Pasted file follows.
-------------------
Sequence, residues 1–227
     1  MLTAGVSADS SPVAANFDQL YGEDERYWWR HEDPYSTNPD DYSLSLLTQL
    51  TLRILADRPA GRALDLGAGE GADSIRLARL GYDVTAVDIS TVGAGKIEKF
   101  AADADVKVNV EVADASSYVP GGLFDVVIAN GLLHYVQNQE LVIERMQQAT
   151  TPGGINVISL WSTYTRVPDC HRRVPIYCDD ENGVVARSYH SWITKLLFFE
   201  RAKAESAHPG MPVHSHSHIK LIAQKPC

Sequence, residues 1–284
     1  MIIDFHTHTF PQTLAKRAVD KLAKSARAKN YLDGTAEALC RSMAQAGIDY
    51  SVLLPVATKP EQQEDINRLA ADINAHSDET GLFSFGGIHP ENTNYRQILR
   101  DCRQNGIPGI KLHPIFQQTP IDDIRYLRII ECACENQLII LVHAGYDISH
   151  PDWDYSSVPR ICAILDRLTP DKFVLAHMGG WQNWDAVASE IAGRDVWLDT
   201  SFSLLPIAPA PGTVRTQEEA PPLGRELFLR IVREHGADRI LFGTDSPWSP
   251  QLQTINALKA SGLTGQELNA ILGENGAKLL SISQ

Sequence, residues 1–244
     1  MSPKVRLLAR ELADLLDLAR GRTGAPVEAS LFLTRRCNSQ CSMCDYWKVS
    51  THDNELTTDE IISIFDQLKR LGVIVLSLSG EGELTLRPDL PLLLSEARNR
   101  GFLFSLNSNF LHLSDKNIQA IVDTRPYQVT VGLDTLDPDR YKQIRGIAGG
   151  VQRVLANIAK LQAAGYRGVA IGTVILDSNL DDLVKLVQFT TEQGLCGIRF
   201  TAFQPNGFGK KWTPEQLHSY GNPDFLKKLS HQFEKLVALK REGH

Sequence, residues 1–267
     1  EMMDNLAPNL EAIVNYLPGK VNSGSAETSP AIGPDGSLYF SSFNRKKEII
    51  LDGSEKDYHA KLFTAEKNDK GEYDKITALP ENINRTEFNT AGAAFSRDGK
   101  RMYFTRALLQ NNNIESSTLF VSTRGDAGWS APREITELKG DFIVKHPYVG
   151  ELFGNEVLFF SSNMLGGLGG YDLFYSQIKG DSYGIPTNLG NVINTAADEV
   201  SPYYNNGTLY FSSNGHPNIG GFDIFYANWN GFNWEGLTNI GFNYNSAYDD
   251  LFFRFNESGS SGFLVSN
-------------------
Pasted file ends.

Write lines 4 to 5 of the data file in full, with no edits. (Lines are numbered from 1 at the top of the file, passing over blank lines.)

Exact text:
   101  AADADVKVNV EVADASSYVP GGLFDVVIAN GLLHYVQNQE LVIERMQQAT
   151  TPGGINVISL WSTYTRVPDC HRRVPIYCDD ENGVVARSYH SWITKLLFFE